NASA publishes what it calls an "estimate" of the Earth's global mean surface temperature. Digging through papers I've been able to find some documentation of how these numbers are computed, but I have had a frustratingly hard time answering what seems to me a much more basic question: what is this "estimate" an estimate of? That is, what is the abstract conceptual quantity that we'd really like to know, if we could? Without that, I don't understand how we can evaluate how well, for instance, the methods they use to blend together data sources of different resolutions and reliabilities, since the definition wouldn't have any stronger "correctness" criterion than just "this is how we put these numbers together".
It seems to me that the conceptual quantity they're trying to measure is, for a given year:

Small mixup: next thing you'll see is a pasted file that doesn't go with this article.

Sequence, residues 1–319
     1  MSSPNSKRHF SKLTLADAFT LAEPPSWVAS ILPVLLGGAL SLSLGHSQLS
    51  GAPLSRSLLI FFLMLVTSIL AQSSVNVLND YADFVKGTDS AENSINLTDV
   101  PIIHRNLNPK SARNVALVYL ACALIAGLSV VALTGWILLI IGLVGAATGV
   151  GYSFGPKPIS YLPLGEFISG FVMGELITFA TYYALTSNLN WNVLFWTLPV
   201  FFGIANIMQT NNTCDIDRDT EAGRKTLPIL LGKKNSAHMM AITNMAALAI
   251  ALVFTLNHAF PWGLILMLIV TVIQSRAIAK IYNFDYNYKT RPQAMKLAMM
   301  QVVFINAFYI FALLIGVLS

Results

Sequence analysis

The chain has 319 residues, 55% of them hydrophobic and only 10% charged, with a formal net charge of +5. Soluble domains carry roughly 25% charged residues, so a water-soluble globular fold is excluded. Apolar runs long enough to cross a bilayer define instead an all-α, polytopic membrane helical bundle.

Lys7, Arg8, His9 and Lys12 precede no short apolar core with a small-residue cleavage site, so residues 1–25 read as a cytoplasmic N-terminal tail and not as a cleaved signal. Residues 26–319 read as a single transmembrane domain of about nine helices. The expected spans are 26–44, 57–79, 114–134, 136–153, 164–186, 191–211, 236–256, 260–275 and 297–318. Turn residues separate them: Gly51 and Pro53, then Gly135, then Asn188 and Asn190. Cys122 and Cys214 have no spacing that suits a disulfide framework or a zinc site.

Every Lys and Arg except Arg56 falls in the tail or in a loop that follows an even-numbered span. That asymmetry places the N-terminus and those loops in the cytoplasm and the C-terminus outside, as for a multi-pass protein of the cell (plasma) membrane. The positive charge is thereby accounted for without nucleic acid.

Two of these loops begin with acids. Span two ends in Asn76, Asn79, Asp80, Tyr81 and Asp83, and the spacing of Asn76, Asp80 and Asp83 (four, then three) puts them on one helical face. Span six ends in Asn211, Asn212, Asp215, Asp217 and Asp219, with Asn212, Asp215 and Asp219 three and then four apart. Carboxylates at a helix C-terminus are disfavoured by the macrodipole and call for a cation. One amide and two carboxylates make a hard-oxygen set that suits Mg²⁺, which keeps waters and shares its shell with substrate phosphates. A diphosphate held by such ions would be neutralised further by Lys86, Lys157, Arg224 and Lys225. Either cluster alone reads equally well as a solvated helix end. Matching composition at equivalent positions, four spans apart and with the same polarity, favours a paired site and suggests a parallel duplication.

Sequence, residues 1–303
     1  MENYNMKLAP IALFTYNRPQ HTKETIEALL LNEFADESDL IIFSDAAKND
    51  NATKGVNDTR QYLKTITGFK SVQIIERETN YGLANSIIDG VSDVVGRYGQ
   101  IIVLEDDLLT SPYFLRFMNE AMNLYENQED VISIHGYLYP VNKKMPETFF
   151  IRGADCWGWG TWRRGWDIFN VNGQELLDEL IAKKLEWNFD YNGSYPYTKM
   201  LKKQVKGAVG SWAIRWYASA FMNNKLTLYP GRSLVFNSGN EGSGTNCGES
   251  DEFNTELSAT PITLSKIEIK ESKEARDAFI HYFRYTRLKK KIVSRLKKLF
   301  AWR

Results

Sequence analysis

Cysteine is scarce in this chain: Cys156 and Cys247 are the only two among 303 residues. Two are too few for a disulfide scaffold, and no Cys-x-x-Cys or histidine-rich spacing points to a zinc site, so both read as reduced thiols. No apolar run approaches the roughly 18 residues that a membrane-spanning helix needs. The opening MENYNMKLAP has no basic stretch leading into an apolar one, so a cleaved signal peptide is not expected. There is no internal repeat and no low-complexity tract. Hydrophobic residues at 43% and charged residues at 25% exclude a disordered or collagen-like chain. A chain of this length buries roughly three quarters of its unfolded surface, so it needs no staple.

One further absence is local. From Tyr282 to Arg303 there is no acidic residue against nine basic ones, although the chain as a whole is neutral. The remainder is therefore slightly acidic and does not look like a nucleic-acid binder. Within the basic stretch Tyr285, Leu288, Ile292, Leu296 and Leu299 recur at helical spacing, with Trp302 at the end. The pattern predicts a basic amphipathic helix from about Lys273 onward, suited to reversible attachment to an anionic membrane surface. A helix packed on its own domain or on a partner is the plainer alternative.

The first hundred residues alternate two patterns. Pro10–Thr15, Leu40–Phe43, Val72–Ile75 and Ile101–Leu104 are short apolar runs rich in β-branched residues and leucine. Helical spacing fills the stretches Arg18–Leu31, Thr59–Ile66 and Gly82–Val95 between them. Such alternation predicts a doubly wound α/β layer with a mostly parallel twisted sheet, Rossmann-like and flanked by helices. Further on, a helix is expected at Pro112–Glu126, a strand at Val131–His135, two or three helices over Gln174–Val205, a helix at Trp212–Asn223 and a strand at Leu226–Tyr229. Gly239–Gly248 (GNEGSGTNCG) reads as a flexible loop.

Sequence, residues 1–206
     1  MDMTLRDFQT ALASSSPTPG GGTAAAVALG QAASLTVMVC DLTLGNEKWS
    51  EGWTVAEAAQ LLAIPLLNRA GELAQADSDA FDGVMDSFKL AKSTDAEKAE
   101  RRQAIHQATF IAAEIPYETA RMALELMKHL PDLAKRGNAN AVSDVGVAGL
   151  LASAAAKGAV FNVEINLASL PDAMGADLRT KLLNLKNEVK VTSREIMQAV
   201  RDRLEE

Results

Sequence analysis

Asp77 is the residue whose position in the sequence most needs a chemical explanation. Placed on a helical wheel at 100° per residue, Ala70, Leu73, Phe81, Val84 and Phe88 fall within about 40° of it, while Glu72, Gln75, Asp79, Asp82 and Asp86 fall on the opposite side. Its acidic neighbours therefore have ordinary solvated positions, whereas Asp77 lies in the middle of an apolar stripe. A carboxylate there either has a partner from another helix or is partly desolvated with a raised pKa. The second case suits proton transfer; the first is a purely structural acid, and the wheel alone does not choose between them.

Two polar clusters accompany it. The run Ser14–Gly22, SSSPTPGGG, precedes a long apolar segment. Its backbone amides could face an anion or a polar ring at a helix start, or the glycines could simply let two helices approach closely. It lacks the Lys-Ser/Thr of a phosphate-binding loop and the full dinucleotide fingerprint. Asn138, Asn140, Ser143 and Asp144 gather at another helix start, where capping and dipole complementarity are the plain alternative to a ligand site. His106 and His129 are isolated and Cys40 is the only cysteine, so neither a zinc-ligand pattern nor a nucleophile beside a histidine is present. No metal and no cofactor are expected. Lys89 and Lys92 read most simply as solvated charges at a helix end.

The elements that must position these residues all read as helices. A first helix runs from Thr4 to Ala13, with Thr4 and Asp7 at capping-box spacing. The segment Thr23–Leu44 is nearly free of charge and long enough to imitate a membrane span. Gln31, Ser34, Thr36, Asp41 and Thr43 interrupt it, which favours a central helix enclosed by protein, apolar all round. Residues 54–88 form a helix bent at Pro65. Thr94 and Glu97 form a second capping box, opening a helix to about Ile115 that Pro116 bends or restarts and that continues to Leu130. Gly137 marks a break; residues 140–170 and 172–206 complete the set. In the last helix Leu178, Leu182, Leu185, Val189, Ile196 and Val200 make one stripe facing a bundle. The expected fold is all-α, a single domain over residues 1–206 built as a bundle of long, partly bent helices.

- Imagine gridding up the earth into equal-area grids and putting a thermometer in each one.
- For each thermometer, imagine taking the limit of the average reading as number of readings increases for a one-year timespan from midnight on Jan 1 to just before midnight on Dec 31 of the given year
- Now take the limit of the average of all those single-thermometer limits for every thermometer in your grid, as the size of the grid squares decreases.
But this is really just a guess as to what they're after -- I have skimmed over several papers on this subject and I haven't been able to find any discussion of this at all. Is this just something basic that climate researchers know that I'm missing?